The breakout star of 'Jawaani Jaaneman': Why Aalia became Alaya F

Alaya Furniturewalla   | Photo Credit: Special Arrangement

In early 2015, while studying filmmaking in New York, Aalia Furniturewalla had an epiphany. She was at a class titled ‘how to direct an actor’ and everything suddenly felt different. She realised that being in front of the camera felt natural to her. “It was so much more rewarding. I remember loving being directed.” So, she enrolled, instead, for acting classes at New York Film Academy (NYFA). “I had to cover up for lost time because I had run away from acting for a while,” says actor Pooja Bedi’s daughter, who made her Bollywood début last month with the Saif Ali Khan starrer, Jawaani Jaaneman.

Name game

She worked hard for four years: first in New York and then in Mumbai. The real work, however, began when she returned to India. She concentrated not only on her acting, but also on her accent and her dancing. “I was a terrible dancer,” she says. She also decided to change her name to Alaya. In an interview with film critic Anupama Chopra, Alaya — pronounced “u-laaya” — said she didn’t want to be confused with actor Alia Bhatt. In another media interaction, she revealed that she deliberately shied away from using the Bedi surname because she likes her independence.

The preparation shows. The breakout star of Jawaani Jaaneman not only won over both audiences and critics with her easy-going charm, but also excelled at hitting the right emotional keys. In the film, Furniturewalla shines in scenes that require the most emotion, like when her unthinking father (played by Khan) pushes her out of his life (twice). It is difficult to believe this is her début.

A still from Jawaani Jaaneman

A still from Jawaani Jaaneman   | Photo Credit: Special Arrangement

Recalling the toughest scene (one of the early ones she shot), she says, “I was told it would be shot in one go, without cuts, on a steadicam. It was really complicated because of the way it was blocked and how I had to move, turn my face and so on.” She managed it on the first go.

On the move

The 22-year-old recalls days on which her hours would be so packed with classes and rehearsals that she barely had time to eat. And now, she can’t do without a sense of constant activity. Even when we speak on the phone, she’s on her way to a class. “If I’m sitting idle, it drives me mad. I feel I need to be doing something: going to a class, or a set, or working on a scene,” she says, adding, “I think it [the long hours] was worth it. I am obsessed with preparation. It makes me feel energised and comforted.”

In Mumbai, the actor found mentorship with acting coach Ritesh Kant. The classes were personalised and rigorous. “I had one-on-one sessions with him and we worked on all types of roles. Name a popular movie and I’ve probably done a scene from it,” she says.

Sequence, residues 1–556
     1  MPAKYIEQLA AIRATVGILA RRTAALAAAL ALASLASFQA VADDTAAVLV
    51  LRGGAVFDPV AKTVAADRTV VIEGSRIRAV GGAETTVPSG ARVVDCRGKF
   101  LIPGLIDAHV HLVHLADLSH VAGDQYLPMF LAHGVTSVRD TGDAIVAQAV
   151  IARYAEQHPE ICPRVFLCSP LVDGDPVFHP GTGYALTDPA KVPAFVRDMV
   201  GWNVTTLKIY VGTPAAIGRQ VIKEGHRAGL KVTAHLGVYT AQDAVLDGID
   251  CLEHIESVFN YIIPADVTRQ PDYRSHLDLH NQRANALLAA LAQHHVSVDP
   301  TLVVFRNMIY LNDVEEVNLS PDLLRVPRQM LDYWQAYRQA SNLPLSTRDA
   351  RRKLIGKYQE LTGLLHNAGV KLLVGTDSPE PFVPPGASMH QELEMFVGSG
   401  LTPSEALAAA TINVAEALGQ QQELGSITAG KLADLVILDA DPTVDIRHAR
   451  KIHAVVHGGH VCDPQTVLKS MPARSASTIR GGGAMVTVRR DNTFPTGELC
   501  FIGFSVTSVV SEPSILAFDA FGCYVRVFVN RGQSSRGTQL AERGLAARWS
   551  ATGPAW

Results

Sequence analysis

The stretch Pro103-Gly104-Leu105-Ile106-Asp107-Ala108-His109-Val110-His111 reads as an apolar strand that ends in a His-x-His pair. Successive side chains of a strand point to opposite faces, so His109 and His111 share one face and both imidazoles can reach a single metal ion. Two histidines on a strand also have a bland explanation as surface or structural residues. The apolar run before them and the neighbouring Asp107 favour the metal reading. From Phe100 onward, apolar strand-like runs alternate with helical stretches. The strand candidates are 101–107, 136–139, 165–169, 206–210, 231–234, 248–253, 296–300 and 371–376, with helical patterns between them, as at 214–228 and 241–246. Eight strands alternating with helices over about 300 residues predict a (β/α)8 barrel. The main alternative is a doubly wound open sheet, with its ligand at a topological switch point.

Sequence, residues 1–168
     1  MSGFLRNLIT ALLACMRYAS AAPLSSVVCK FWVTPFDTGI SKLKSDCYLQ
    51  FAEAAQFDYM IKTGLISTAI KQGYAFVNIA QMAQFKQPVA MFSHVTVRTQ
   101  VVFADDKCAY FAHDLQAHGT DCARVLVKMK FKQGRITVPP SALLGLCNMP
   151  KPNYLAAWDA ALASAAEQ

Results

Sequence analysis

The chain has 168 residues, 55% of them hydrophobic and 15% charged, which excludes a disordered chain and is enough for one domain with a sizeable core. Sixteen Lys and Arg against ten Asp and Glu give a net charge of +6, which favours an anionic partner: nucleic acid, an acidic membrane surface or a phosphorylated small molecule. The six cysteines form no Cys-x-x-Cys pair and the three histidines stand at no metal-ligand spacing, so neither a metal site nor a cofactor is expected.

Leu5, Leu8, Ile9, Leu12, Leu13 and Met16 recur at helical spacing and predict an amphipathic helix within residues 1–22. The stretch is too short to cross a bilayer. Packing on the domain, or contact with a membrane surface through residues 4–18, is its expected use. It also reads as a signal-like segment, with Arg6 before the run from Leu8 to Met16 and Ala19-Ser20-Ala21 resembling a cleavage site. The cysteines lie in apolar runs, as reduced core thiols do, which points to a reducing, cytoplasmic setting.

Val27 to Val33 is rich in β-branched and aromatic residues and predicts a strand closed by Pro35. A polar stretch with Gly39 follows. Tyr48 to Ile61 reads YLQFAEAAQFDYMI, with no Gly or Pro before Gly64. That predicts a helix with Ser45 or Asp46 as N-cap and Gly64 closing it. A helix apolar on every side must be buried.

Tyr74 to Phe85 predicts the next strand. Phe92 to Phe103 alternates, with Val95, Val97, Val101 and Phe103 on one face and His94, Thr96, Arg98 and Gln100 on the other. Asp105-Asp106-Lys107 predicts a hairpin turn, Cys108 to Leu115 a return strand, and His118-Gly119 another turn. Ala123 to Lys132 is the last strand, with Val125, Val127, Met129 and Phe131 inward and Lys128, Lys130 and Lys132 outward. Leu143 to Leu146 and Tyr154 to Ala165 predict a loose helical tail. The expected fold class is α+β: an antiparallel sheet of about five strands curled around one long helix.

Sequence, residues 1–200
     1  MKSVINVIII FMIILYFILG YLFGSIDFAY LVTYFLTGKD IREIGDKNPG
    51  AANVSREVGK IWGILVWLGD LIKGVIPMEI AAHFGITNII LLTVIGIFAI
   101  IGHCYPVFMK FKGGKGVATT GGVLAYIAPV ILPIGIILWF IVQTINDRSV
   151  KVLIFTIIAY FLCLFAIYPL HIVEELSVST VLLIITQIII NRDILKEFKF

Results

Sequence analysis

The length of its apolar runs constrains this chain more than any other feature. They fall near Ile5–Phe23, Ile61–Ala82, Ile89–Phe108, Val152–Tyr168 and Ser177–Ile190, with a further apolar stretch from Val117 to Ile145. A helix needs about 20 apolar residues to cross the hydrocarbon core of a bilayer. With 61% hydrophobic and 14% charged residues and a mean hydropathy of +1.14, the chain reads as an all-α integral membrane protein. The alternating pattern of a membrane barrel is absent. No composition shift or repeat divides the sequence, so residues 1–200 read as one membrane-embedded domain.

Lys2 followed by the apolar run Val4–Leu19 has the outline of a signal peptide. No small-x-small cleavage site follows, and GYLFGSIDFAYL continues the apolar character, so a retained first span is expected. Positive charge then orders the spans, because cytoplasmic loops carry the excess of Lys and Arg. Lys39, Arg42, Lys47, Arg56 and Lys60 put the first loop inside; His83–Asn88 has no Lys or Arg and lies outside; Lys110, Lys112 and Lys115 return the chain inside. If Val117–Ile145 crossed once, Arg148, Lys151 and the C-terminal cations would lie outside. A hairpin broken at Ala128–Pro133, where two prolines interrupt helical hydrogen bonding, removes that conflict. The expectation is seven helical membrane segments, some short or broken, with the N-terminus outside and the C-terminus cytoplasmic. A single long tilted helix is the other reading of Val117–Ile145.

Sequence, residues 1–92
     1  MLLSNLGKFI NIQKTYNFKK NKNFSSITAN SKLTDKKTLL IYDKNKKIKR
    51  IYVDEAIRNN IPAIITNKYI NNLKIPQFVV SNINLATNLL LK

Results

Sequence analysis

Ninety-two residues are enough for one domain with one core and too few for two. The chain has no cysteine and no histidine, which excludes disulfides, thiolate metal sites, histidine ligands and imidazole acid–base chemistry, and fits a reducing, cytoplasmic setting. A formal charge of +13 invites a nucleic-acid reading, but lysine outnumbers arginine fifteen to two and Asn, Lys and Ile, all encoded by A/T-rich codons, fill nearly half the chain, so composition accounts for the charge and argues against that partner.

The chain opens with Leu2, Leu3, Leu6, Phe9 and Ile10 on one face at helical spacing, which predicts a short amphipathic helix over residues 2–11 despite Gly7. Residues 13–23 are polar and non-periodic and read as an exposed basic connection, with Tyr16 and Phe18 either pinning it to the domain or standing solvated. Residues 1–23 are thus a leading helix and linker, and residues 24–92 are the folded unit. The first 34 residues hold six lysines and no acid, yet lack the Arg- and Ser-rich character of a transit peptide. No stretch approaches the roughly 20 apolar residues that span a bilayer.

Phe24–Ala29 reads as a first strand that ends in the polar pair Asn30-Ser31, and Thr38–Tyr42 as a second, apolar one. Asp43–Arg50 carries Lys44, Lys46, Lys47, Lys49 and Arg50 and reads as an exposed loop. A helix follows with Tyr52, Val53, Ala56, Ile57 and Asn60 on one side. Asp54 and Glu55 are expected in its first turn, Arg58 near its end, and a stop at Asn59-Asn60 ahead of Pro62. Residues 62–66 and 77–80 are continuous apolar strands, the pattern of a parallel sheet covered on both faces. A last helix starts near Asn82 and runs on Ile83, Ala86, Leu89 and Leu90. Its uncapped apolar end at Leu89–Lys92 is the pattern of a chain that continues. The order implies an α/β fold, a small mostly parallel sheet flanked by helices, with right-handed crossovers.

A still from Jawaani Jaaneman

A still from Jawaani Jaaneman   | Photo Credit: Special Arrangement

Outspoken no more

Hailing from a family of well-known actors, such as grandfather Kabir Bedi, Furniturewalla wasn’t necessarily guided in her craft but did receive rich life lessons. Her parents divorced when she was five. In an interview with Outlook, she said that she had a happy childhood because she barely has any memories of the divorce and her parents are still on great terms. “I was told to work hard and not worry about results. More importantly, I was told to be nice to everyone. I’ve always been vocal with my words and emotions and choices. Now, as an actor, I realise every emotion I needed to experience, I have been allowed to express.” Elsewhere, she has also professed to having no illusions about her privilege and the doors it has opened for her, stating that she knows even her struggles have been privileged.

But this openness has led to occasional confrontations. She has, in the past, been an outspoken critic of the male gaze on social media (she has close to six lakh followers on Instagram), especially when it is deployed to restrict the freedom of women to express their sexuality or comfort with their bodies. The old Alaya would have been furious at sleazy comments. A couple of years ago, responding to one on the Miss Malini website, she wrote: “I am more than my breasts and it is unfair to let them define me.” The new Alaya is less angry, more circumspect and, in her words, “responsible”. “I think I’ve lost my enthusiasm for social media. I don’t take it as seriously as I used to. I am not as outspoken anymore because I’d rather let my work speak for me,” she concludes.

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Printable version | Jun 15, 2021 12:55:22 AM |

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